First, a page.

Festive Season Real Estate Views by ANAROCK Property Consultants
Indian Real Estate Market Review by ANAROCK Property Consultants. The 2019 festive season is at the door, and many Indians aspire to buy homes during a period which is both auspicious and invariably also sweetened with discounts. One major factor that gives hopeful homebuyers pause is the price of properties. Will the fabled ‘massive price correction’ come in time this year? Will it come at all?
The new market realities
Despite several progressive measures initiated by the Indian government in past years, the real estate sector still presents a rather gloomy picture for buyers and investors. The liquidity crunch is unrelenting - developers need funds by way of loans and advance home sales to complete projects, even as lakhs of homebuyers still await possession of their homes.
When sales are far from their peak levels, homebuyers and investors naturally want to know if developers will reduce property prices in 2019 to boost home sales. There is no crystal ball to consult, but we can certainly make some educated guesses.
Since the fate and fortunes governing real estate sales all revolve around consumer demand, let’s first understand what consumers want. As per ANAROCK’s Consumer Sentiment Survey H1 2019, over 60% of the polled consumers are serious about buying homes in 2019.
While several factors are causing them to sit on the fence instead of taking the plunge, one of the major reasons is the price of acquisition. Despite past corrections and ongoing discounts, prices are still too high to be attractive for many.
This was also validated by the RBI's latest Residential Asset Price Monitoring Survey, which reveals that housing affordability has worsened over the last four years. The house price-to-income (HPTI) ratio increased from 56.1 in March 2015 to 61.5 in March 2019. In short, price attractiveness has reduced and buyers want a better deal.
The economics of property pricing
Considering the high unsold inventory that the Indian housing market is grappling with (over 6.65 lakh units in the top 7 cities), property prices should logically have come down. A fundamental economic principle states that when supply exceeds demand, prices tend to fall. This has not happened in the case of Indian real estate - at least not sufficiently.
On the contrary, the staggering unsold inventory indicates that there is a serious demand-supply mismatch. If we go by government estimates, urban India had a housing shortage of 19 million units in 2013. Again according to the government, this has now reduced to 10 million units.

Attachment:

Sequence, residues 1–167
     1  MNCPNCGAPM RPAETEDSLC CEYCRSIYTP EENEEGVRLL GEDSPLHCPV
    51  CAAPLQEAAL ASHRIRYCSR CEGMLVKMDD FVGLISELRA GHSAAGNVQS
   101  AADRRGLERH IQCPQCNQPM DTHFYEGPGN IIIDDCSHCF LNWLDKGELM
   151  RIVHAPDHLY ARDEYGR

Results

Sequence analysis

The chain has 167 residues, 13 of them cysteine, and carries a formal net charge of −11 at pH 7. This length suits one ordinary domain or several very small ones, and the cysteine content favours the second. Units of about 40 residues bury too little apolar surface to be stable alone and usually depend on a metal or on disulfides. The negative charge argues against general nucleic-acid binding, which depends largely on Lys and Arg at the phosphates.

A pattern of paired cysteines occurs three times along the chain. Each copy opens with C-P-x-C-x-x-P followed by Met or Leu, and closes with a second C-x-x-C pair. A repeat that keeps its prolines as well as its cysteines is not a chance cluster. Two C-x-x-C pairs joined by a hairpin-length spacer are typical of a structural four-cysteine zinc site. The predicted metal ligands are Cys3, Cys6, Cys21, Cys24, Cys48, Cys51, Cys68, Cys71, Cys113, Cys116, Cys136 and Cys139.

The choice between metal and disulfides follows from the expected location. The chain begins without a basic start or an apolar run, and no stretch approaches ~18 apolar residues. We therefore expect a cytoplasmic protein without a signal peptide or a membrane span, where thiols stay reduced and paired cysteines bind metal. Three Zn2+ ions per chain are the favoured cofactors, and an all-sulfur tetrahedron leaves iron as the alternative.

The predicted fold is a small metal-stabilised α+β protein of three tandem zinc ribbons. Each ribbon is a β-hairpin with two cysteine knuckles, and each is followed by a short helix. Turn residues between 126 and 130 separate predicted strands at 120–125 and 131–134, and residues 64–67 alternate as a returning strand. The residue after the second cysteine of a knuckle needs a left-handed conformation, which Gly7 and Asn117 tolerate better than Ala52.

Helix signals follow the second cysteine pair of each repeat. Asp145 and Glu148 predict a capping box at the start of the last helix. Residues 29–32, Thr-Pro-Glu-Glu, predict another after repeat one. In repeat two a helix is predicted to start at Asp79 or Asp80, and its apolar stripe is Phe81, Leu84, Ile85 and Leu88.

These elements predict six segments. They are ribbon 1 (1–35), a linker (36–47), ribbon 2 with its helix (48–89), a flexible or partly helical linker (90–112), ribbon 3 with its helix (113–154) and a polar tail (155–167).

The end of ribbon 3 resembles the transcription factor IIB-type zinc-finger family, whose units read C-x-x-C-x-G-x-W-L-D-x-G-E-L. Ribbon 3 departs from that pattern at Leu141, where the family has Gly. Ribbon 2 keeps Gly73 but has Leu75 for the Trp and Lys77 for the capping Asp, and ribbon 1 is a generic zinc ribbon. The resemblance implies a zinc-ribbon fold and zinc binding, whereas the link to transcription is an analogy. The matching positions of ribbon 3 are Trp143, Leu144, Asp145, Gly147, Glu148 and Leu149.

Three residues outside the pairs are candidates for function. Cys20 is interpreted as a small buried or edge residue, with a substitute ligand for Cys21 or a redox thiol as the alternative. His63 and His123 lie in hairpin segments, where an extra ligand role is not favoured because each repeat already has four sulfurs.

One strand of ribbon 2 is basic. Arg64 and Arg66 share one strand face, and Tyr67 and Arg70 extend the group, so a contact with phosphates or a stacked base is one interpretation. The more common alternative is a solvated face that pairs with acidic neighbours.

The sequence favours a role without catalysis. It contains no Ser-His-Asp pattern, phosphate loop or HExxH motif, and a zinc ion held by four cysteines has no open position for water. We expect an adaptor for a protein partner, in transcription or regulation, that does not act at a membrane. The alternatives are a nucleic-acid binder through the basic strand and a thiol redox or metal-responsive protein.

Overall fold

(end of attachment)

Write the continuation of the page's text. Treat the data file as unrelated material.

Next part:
Six years ago, when these projects went into construction, there were not enough homes that matched the requirements of homebuyers. The high unsold stock on the market today indicates that while the housing shortfall has decreased, there is still a problem - and it isn't supply numbers but supply pricing.
Today, most developers have begun launching projects in the 'affordable' and 'mid-range' segments, but the response from consumers is not encouraging. This is because due to high land prices in city centres, affordable projects are either in the far-flung peripheral areas where infrastructure is not well-developed - or if in central areas, the homes are too small to accommodate a 2-3 member family comfortably.
At the end of the day, size does matter and if people can stay in more spacious rental homes instead of buying pigeon coops, without having to compromise on location, the choice tends to be a no-brainer. Buying a home is supposed to be an upgrade, not a downgrade in lifestyle.
While consumers shy away from buying homes because they can't buy decent-sized homes in good locations, investors stay away from residential properties due to low rental yields and meagre-to-negative capital appreciation.
The current price trends
If we consider the seven major cities of India - Bangalore, Chennai, Hyderabad, NCR, MMR and Pune - it emerges that except in Kolkata, property prices in all the other cities have started to increase marginally over the last one year. Home sales also saw a 32% jump during the same period. Therefore, developers have little incentive to reduce property prices any further. As it is, they do not get any ITC benefits on the reduced GST rates and this has already cut down their profit margins.
Further, as per the National Housing Bank’s housing price index NHB RESIDEX, residential prices increased by an average of 6% during October-December 2018 over the year-ago period.